The Provo Council recently received a report regarding the current state of the Provo Power Campus, including possible options for its eventual replacement.  The campus currently does not meet seismic standards, and is deteriorating due to its age and construction. The buildings have issues with plumbing, settling and cracking in the walls and foundation, and do not meet many building code stipulations.

Scott Bunker from Provo’s Department of Energy said officials have considered replacement for the campus under several administrations, but that the window of opportunity has never been quite right.  
The power plant was constructed in 1959, and the administration building in 1950. In 1963, the city upgraded the facilities, and since 1965 added additional structures as needed.   

Originally, the facility was designed to serve Provo’s 18,000 residents. Today the city has grown to just over 115,000. Provo officials believe now is the time to address upgrading the facility with a 25 to 30 year horizon to account for both current demand and future growth.

“The campus requires about $50,000 to be spent yearly for maintenance and upgrades, just trying to keep up with the problems we already have,” Bunker said. There are also issues with fitting diesel service vehicles inside the facilities on campus during winter months to prevent wear and keep the vehicles in service. “Reliability is our most important feature,” Bunker said. “We want to be the most reliable municipal utility in the country, and we feel that in order to do that, we need facilities that we can respond from properly.”

The twin smoke stacks of the power plant which have been an iconic part of Provo’s skyline are also under consideration for demolition due to safety concerns as they deteriorate. The stacks are currently used for the communications antennae which they support, and not for regular power generation.  Bunker said if they are demolished, it is expected new steel structures will be erected which will meet the need for communications equipment.

Several options for updating the campus were presented to the Council, and will continue to be studied as possibilities going forward.  The options range in cost from $24 to $27 million, with plans varying as to whether or not to entirely reconstruct the campus, or to simply renovate buildings and update equipment to preserve the historicity of the site.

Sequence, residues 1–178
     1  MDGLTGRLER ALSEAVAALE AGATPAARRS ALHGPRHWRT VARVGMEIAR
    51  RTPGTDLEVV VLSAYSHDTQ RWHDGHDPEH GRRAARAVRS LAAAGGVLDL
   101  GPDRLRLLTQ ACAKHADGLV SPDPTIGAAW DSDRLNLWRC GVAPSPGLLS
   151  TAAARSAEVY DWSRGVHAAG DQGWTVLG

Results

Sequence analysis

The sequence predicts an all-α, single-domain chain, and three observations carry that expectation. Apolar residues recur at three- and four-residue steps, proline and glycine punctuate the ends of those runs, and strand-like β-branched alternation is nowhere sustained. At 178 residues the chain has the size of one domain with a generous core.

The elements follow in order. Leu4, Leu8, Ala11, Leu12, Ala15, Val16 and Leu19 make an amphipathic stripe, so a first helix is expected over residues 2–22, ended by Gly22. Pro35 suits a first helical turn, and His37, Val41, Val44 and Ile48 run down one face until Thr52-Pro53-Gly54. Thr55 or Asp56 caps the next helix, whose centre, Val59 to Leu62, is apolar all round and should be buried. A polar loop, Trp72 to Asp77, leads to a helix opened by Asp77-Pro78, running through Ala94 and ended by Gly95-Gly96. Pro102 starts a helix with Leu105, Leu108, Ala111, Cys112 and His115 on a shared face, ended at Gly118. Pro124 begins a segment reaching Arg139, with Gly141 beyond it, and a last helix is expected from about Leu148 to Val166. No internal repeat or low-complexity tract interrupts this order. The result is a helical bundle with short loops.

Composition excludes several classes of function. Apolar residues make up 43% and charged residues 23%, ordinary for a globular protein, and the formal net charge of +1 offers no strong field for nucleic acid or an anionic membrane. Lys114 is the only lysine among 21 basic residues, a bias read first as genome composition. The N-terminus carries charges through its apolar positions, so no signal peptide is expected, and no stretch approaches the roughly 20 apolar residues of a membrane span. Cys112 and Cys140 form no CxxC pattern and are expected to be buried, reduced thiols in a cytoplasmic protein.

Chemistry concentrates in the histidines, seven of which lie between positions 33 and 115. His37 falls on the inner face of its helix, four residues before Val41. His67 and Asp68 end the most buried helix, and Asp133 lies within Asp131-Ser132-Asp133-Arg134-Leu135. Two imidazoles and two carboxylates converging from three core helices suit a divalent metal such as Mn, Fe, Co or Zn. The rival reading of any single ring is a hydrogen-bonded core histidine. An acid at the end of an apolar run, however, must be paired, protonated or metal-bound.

It is expected that several public meetings and open houses will be held to receive public input and to determine the best course forward at the Provo Power Campus.

If you'd like to read more about the Provo Power Campus, see this article in the Daily Herald.

What are your thoughts and feedback about the challenges facing the city regarding the Provo Power Campus?

Wednesday, June 11, 2014

Council Considering Proposed 2015 Budget

The Council recently heard a presentation from the Council Budget Committee regarding the Provo City Administration’s proposed 2015 budget.

The Council Budget Committee is an advisory body chaired by Council Member Kim Santiago which informs the Council on budget issues. (For more about the members of the Committee, see this post on the Council’s blog.)

Larry Summers, a professor of public finance at BYU and committee member, acted as spokesperson.

Summers offered the views of the Committee on the issues:
·         Sales tax revenues
·         Property taxes and valuation
·         Provo residents' economic standing
·         Utility rates
·         Provo City General Fund
·         Capital Improvements
·         Questions and recommendations for the Council

The Council also discussed these and other items yesterday at a Council budget work meeting, which you can watch here.

The Council held a public hearing on an ordinance adopting the Administration’s proposed budget for 2015 at Council Meeting on June 3, 2014. Another public hearing discussing these issues will be held at the Council Meeting on Tuesday, June 17, 2014.

Tuesday, June 10, 2014

Joint Work Meeting with the Planning Commission - Development Agreements

Provo Municipal Council - Budget Meeting

Support and Thanks to Sustainability Committee

The Provo Council and Mayor recently issued a joint resolution expressing appreciation and support for the Provo Sustainability and Natural Resource Committee.

The Provo Sustainability and Natural Resource Committee was originally established as part of the Vision 2030 process with the goal of helping implement plans to protect Provo’s natural resources, identify sustainability projects with public support, and help the Mayor and the Council realize those projects.

Provo Mayor John Curtis said thanks to the dedicated efforts of committee members, the committee enjoyed great success in promoting sustainability and wise use of natural resources in Provo, and embraced a scope larger than that outlined in Vision 2030.

“This committee has really flourished, and grown in an almost organic way,” Curtis said. “I feel it’s certainly appropriate for us to join together in a joint resolution expressing appreciation and support for that committee and recognizing their efforts and acknowledging that both the administration and the City Council support the great work of this committee.”

The resolution calls attention to the efforts of the Committee in promoting air quality initiatives, recycling, and appropriate land use planning .

You can read a full text of the resolution here.